The research shows that by measuring a person's movements as they use a computer, it is possible to judge their level of interest by monitoring whether they display the tiny movements that people usually constantly exhibit, known as non-instrumental movements.

If someone is absorbed in what they are watching or doing what Dr Harry Witchel, from the Brighton and Sussex Medical School in UK calls 'rapt engagement' - there is a decrease in these involuntary movements.

"Our study showed that when someone is really highly engaged in what they're doing, they suppress these tiny involuntary movements," Witchel said.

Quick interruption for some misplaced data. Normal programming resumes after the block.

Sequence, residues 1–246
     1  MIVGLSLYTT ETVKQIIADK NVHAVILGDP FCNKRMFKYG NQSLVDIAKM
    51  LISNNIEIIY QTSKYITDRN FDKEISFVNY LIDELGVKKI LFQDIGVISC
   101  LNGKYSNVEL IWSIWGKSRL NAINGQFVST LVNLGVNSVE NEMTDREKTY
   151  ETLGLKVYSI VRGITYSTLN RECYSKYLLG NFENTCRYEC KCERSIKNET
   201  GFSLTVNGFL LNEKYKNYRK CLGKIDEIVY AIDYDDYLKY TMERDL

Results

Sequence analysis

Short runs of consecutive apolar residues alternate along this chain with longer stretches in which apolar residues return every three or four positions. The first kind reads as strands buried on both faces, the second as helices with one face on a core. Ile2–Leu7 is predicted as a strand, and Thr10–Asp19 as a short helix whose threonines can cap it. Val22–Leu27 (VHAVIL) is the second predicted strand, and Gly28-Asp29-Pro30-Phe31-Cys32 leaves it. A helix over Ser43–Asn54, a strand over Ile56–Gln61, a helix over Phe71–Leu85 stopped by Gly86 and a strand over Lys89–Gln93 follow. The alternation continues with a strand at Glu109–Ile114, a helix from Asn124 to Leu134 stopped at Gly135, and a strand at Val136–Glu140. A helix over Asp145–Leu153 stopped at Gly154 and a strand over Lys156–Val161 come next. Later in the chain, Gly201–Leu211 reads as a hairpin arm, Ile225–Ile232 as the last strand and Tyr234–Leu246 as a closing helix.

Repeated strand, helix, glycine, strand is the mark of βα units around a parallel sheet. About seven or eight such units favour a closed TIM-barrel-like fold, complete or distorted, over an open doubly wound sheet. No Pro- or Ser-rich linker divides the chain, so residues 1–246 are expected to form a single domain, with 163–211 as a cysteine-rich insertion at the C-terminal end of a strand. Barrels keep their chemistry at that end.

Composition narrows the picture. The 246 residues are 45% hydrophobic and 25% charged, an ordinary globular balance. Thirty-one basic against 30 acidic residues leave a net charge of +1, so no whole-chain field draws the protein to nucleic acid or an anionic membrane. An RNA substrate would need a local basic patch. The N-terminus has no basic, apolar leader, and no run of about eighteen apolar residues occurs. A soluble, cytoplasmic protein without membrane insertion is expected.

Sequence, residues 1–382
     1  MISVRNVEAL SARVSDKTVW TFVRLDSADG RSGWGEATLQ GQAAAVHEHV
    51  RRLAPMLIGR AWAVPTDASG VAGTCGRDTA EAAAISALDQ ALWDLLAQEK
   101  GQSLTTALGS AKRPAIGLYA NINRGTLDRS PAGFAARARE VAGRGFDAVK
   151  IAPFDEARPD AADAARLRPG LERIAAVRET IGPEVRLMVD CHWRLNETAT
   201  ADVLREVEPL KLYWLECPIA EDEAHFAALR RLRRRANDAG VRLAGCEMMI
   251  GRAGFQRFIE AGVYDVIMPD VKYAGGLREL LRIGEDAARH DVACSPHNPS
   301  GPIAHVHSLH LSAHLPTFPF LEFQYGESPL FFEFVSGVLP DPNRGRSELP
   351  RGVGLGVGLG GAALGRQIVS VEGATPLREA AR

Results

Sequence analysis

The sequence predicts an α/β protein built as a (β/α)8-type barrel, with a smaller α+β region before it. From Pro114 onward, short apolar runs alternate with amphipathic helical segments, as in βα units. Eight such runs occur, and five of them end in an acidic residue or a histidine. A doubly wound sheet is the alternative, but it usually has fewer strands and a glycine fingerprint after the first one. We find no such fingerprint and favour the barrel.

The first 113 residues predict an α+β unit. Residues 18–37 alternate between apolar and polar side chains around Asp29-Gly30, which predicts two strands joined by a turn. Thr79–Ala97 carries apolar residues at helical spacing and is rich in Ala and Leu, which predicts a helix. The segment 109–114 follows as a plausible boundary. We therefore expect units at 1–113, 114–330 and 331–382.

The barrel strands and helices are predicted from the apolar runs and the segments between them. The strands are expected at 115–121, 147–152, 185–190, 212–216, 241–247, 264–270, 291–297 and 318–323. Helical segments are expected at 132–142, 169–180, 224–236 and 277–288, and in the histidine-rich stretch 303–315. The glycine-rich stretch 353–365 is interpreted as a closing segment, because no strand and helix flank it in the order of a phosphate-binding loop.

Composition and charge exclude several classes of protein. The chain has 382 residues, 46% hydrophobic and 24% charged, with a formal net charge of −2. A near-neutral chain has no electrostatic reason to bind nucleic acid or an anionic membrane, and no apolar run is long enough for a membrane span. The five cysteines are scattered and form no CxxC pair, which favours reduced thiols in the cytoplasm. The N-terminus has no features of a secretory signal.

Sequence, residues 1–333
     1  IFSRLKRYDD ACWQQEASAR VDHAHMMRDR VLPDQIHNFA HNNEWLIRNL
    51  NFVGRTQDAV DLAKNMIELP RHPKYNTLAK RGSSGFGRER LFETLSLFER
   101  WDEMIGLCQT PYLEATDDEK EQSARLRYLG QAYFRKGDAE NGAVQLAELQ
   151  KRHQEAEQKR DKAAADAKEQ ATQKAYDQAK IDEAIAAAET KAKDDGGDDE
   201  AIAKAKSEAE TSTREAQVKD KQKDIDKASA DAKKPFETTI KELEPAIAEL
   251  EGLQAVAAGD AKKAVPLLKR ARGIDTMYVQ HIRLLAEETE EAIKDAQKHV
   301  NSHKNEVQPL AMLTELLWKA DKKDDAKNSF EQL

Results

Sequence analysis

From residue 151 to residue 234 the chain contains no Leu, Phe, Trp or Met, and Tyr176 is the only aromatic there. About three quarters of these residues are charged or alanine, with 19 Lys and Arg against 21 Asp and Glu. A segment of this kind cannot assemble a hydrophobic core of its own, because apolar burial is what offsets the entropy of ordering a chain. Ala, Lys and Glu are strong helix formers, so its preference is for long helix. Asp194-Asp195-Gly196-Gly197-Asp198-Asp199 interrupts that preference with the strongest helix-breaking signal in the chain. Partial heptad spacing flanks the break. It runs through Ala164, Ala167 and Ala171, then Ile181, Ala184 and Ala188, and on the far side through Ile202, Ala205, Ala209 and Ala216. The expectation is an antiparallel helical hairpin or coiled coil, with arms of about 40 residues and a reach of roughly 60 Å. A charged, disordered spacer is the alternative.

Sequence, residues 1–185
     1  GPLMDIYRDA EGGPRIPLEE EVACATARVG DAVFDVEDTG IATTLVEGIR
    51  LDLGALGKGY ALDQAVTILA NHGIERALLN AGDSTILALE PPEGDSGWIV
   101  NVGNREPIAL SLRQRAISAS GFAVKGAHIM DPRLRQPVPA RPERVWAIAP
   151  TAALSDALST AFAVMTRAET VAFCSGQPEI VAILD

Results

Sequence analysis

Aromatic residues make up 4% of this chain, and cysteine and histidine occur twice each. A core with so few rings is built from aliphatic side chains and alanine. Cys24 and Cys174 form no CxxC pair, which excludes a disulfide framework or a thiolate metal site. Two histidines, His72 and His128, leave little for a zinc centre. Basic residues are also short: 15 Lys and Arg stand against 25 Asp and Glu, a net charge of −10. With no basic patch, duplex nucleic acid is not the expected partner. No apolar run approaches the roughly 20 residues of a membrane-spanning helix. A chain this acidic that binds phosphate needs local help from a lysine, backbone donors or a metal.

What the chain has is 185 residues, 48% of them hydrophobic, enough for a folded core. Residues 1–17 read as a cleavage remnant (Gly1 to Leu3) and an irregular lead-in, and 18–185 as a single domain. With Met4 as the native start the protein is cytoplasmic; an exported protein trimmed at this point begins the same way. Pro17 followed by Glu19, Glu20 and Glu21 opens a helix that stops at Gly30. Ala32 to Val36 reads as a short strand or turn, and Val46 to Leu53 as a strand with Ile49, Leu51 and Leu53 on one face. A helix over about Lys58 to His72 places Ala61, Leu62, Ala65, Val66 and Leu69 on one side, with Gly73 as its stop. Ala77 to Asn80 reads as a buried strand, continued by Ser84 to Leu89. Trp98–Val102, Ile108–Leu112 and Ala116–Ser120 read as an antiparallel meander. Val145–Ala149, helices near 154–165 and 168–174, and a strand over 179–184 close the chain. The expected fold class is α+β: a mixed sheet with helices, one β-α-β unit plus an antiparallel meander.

"It's the same as when a small child, who is normally constantly on the go, stares gaping at cartoons on the television without moving a muscle," he said. The discovery could have a significant impact on the development of artificial intelligence, researchers said.
Future applications could include the creation of online tutoring programmes that adapt to a person's level of interest, in order to re-engage them if they are showing signs of boredom, they said.


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